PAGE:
Dave Chase has built quite a resume over his 41 years of working in and around minor league baseball. He has run one of the premier franchises in the minors, created one of Major League Baseball’s signature events and published one of the top baseball publications.
So it may seem odd that when he got word this past offseason that there was going to be a general manager position opening in short-season Batavia, Chase jumped at the opportunity. The Muckdogs, after all, have not been a destination for baseball fans in many years and have been on the market—and on the verge of collapse—for more than a decade.
The decision, however, made perfect sense to Chase. He saw an opportunity to help stabilize a franchise that had been taken over by the New York-Penn League in the offseason after being operated—and rescued from bankruptcy—by the neighboring Rochester Red Wings the previous 10 seasons. Chase also saw an avenue to return to affiliated ball after three years of running independent league clubs and another four years as commissioner of the summer collegiate Prospect League.
Deep down, Chase simply thought it was simply the right thing to do.
“I’ve always been driven by service to the game,” Chase said, “and for better or worse this team had to operate. I think my experience should help, has helped, and that made sense . . . I figured it would continue my journey in baseball.”
It has been quite a ride for the 64-year-old Chase, who broke into the game as a general manager in 1980 with the Anderson (S.C.) Braves, joining the club six weeks after it relocated from Greenwood. “I’ve been destined to do these emergency jobs,” Chase said.
Chase left the front office in 1982 and took over as president and publisher of Baseball America, where he got a unique look at the minor leagues until 1999. From there, he moved to Memphis to oversee the potential launch of a minor league museum only to be pulled back into the front office as president and general manager of the Memphis Redbirds, the Pacific Coast League franchise that had recently built the grandest ballpark—and most expensive at $80 million—in all of the minors.
While in Memphis, Chase came up with the idea of combining baseball with the city’s link to the Civil Rights Movement—AutoZone Park is just down the street from the Lorraine Hotel, where Martin Luther King Jr. was assassinated in 1968 and is now home to the Civil Rights Museum. He worked with Major League Baseball to create the Civil Rights Game, which debuted in Memphis in 2007. The Redbirds would host the game for two seasons before MLB took it over and moved it to different big league ballparks. Chase remained in Memphis until 2009, when he was forced out after the non-profit organization that ran the team failed to make a payment on its $5.5 million annual debt service for AutoZone Park.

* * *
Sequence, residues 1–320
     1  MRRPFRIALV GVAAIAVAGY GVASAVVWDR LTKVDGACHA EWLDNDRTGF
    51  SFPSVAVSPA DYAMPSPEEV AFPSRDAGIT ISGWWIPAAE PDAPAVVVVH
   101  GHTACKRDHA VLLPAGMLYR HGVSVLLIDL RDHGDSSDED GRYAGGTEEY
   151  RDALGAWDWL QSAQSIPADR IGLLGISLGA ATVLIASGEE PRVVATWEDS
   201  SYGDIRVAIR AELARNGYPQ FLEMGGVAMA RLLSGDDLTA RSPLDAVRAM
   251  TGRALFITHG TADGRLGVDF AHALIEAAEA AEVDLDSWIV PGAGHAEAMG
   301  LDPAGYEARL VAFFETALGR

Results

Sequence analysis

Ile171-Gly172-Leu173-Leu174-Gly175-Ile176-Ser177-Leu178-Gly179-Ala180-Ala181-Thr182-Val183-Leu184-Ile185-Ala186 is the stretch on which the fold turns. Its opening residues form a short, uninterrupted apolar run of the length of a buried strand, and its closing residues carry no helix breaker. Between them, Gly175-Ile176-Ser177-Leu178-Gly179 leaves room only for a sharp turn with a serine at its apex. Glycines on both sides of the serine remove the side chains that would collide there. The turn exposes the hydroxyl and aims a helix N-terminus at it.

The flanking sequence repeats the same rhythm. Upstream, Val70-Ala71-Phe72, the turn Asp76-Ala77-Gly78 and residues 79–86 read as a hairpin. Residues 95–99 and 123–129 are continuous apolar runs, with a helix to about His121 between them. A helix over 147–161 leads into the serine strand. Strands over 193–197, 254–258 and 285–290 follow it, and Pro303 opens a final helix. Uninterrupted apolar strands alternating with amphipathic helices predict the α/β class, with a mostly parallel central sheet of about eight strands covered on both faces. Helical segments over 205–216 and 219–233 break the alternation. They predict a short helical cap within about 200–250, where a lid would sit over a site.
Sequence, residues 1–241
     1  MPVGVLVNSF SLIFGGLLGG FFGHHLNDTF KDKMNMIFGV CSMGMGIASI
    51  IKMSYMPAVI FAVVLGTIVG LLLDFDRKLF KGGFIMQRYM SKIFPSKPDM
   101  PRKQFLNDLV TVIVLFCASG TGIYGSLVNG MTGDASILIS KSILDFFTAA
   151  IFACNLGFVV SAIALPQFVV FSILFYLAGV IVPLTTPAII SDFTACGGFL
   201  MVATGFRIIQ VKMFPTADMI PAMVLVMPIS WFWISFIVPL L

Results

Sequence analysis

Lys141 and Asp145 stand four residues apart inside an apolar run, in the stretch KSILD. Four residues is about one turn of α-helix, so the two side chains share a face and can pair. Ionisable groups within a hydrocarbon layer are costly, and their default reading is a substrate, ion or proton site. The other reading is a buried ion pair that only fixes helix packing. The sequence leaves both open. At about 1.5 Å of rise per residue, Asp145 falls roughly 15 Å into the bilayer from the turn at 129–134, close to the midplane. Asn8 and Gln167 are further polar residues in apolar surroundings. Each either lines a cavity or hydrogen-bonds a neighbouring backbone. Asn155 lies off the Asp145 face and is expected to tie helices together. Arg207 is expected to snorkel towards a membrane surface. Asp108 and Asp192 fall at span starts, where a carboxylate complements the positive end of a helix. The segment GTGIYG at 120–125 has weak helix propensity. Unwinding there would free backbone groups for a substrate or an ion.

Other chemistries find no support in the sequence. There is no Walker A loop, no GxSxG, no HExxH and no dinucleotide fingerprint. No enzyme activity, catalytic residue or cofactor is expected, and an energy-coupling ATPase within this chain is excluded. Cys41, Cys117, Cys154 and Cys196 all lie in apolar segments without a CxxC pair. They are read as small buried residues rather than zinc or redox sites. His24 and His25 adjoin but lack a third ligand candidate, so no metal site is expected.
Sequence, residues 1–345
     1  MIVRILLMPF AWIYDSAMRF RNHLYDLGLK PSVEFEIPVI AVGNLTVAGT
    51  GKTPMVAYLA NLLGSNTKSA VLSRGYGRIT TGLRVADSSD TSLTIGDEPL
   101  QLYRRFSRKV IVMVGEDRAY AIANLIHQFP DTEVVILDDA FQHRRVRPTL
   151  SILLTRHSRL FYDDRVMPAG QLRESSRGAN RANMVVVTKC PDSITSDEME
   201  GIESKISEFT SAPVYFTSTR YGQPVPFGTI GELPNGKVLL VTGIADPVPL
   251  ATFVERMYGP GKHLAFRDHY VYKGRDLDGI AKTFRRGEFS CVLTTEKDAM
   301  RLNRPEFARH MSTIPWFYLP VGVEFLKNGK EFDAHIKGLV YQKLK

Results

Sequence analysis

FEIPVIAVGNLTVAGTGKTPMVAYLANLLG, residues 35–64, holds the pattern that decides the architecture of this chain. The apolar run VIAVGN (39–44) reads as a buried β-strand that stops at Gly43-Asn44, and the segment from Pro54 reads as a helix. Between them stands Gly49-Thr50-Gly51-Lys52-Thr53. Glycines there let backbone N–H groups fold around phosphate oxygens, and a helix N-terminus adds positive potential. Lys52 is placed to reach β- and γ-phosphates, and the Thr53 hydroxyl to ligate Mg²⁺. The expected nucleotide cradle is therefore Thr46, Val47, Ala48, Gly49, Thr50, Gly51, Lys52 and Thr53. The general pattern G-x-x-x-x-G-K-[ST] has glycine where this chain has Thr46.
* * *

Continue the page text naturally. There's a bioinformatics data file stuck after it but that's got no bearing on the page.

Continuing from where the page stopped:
“I look back at the 41 seasons I’ve done this and I’ve been incredibly fortunate,” Chase said. “Memphis was a highlight for a whole lot of reasons. First of all, it was a great ballpark. They spent a lot of money [to build it] that they didn’t need to spend, and I was hired to tighten the budget and reduce staff. There wasn’t much I could do about the debt service. I worked there, created the Civil Rights Game. We hosted the Triple-A Championship and were on of the teams that elevated that presentation . . . That experience was invaluable.”
That experience is why the New York-Penn League was eager to tab Chase as its newest general manager.
“When looking for a GM, I wanted someone who was very experienced in, and knowledgeable about, Professional Baseball club operations,” New York-Penn League President Ben Hayes said. “I needed someone who could interact with the fans, community leaders, media and MLB affiliate, who could hire and train a staff, and who could produce a quality club operation from scratch. Dave Chase fits the bill. He’s a true baseball professional in every sense of the word.”
Now Chase brings that experience Batavia, which certainly is a far cry from Memphis. The Muckdogs averaged just 806 fans per game last season. Chase is one of six full-time employees. Unlike the cathedral of a ballpark in Memphis, 22-year-old Dwyer Stadium has but one concession stand, no suites and a press box that is way too small.
“There was not an inch of the place that didn’t need upgrading,” Chase said. “I don’t know if this will be a highlight of my career, but I think we tried to do it right. A lot of folks had to work hard to get it ready for Opening Day.”
That included a putting in a new infield, upgrading the infield lights, adding a message board to the top of the scoreboard and renovating the team offices. Chase said they have also standardized outfield signage costs, did away with undated ticket vouchers and lowered season-ticket prices. “We have tried to tighten up the business side.”
Chase said he does not know what the season will bring and if the team will even still be in town next year. His goal, however, is to make coming to the ballpark the best possible experience for fans.
“I told my staff that we will operate in a professional way, and that when it is all said and done, we will take some pride in that we kept baseball in Batavia, at least for one more year,” Chase said.